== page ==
The PLSA said around half of single employees are on track to expect a lifestyle between minimum and moderate – and couples who are able to share costs will be higher in this range.
At the comfortable retirement living standard, retirees can expect to enjoy some luxuries such as regular beauty treatments and theatre trips.
The annual budget needed for a comfortable retirement living standard has increased since 2019 by £600 to £33,600 for one person and £2,200 to £49,700 for a couple.
About one in six single employees are projected to have an income between moderate and comfortable.
The cost of annual maintenance and servicing of a burglar alarm was included in the comfortable standard for the first time.
Pensioners and savers told researchers the pandemic had made them rethink retirement.
One man from Wales said he had not realised how important dining out was for ’emotional wellbeing’.
Another said his partner’s quality of life would not be the same without Netflix, adding: ‘These things were a luxury, but they become a necessity in certain circumstances.’
The pension industry’s guidelines for spending expectations have been revised. Chancellor Rishi Sunak is pictured last week
Of the coronavirus lockdowns, the report said: ‘This period of enforced abstinence serves to underline just how important it is to be able to participate in the world around, not through extravagant choices but in more every day and routine ways – seeing family and friends, going out for something to eat, taking an annual holiday, planning and looking forward to future social events.’
Health and care levy may rise as family bills soar
A new health and social care levy could almost be trebled, just as families face a huge squeeze on their finances, a major report has warned.
Households may have to fork out another £19billion in the coming years to meet the needs of caring for an ageing population, experts predicted.
The grim forecast means Britain’s tax burden, which will already be at a historic high, could balloon even further. The Government’s new levy, introduced earlier this year, will add a 1.25 percentage point surcharge to national insurance contributions from next April.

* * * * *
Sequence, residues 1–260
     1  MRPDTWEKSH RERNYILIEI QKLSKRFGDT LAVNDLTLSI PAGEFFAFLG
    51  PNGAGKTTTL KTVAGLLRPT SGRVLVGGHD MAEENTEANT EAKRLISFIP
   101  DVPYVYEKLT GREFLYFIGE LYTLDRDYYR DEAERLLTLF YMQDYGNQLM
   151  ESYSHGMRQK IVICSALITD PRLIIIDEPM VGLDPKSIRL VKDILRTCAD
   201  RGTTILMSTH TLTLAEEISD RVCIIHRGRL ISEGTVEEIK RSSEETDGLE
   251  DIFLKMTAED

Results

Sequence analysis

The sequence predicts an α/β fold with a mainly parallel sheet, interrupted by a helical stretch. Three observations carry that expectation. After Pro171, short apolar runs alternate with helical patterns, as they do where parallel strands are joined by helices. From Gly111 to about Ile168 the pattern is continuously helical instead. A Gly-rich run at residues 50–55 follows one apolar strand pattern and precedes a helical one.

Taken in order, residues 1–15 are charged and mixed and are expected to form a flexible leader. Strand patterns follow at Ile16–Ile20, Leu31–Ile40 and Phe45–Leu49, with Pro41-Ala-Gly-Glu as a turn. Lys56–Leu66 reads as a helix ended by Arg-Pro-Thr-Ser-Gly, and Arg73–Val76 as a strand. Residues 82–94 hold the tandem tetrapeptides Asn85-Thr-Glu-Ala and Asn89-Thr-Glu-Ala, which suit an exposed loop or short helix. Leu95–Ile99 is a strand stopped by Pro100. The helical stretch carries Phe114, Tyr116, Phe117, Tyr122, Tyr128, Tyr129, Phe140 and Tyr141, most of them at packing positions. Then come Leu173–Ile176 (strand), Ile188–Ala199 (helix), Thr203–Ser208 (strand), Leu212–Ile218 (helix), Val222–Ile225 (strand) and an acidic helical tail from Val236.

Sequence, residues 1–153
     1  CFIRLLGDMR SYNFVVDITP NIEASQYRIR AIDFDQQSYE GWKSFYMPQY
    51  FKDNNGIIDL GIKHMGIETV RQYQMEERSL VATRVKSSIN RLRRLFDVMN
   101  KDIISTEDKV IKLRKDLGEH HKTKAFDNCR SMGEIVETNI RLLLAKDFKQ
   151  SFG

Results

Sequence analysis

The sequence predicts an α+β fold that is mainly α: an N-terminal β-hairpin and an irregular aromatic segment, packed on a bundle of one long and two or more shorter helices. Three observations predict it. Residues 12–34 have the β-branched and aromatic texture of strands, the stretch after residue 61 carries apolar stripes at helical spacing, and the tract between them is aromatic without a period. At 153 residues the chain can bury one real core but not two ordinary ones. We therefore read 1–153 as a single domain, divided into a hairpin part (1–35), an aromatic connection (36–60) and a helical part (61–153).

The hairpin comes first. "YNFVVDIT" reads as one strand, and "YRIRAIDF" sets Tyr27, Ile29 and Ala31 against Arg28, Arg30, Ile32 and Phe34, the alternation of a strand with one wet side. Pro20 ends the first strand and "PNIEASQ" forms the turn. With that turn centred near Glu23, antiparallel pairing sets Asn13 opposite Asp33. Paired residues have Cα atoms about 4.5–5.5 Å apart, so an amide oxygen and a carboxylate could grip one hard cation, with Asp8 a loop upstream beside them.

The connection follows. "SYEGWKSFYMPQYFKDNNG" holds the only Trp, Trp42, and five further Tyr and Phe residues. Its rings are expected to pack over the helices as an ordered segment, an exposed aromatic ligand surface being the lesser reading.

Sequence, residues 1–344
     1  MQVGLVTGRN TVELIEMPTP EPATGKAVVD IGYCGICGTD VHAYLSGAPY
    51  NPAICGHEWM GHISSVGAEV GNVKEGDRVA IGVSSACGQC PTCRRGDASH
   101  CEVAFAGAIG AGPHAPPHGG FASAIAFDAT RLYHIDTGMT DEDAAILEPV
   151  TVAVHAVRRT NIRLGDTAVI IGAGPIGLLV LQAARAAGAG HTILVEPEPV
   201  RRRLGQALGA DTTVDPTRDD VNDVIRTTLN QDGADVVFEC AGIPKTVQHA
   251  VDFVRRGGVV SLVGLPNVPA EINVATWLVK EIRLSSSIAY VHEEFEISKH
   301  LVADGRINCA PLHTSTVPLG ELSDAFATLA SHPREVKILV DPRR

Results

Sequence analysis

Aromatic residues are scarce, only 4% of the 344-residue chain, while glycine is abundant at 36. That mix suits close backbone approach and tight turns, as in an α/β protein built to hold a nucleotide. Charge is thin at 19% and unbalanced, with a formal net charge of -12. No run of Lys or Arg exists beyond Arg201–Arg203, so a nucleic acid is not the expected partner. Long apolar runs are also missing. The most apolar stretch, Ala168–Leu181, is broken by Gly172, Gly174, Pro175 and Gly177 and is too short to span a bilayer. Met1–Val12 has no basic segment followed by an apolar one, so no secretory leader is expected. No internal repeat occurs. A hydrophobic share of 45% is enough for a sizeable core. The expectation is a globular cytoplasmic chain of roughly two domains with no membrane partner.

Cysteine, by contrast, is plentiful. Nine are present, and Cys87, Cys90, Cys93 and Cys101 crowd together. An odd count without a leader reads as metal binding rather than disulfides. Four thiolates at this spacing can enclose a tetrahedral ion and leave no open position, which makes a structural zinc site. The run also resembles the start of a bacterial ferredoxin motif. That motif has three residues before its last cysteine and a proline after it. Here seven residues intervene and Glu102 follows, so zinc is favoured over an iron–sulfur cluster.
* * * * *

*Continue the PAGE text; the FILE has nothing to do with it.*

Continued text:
But the Institute for Fiscal Studies (IFS) said that to meet the sector’s needs, the tax rise could hit 3.15 percentage points by the end of the decade.
For someone earning £30,000 a year, who will already have to pay an extra £255 on their national insurance bill from next year, their extra payments would hit £643 per year by the end of the decade.
But while the cost of living is rising, the report authors said the financial strain of the pandemic could mean many now cut down on pension saving.
They wrote: ‘The reduced ability to save for the future is a real concern, particularly in light of existing fears that people are simply not saving enough for the kind of lifestyle they imagine for themselves in retirement.’
Nigel Peaple, director of policy and advocacy at the PLSA, said: ‘It is important that the retirement living standards remain relevant by reflecting real-world price changes and real-world expectations about lifestyles in retirement.
‘We hope the updated standards will encourage people to think about whether they are saving enough for the retirement lifestyle they want and, in particular, whether they are making the most of the employer contributions on offer in their workplace pension.
‘The lockdowns caused by the pandemic have given many workers a foretaste of being retired and made people think about the activities and experiences they truly value.
‘The pandemic has emphasised the importance of economic security as well as social and cultural participation in retirement.
‘With barbers and hairdressers closed during lockdowns and many of us taking scissors to our own hair for the first time, it is little surprise that the research groups agreed the budget for personal grooming should be increased across the three standards.
‘The addition of Netflix also gives an insight into what many of us expect to be doing when we finish work.’
Tom Selby, head of retirement policy at investment broker AJ Bell, added: ‘If having a moderate or comfortable standard of living in retirement is a key goal, you might need to think about saving a bit more in your pension if you can afford to.’
How much would you need to save for a comfortable retirement?
What about savings and investments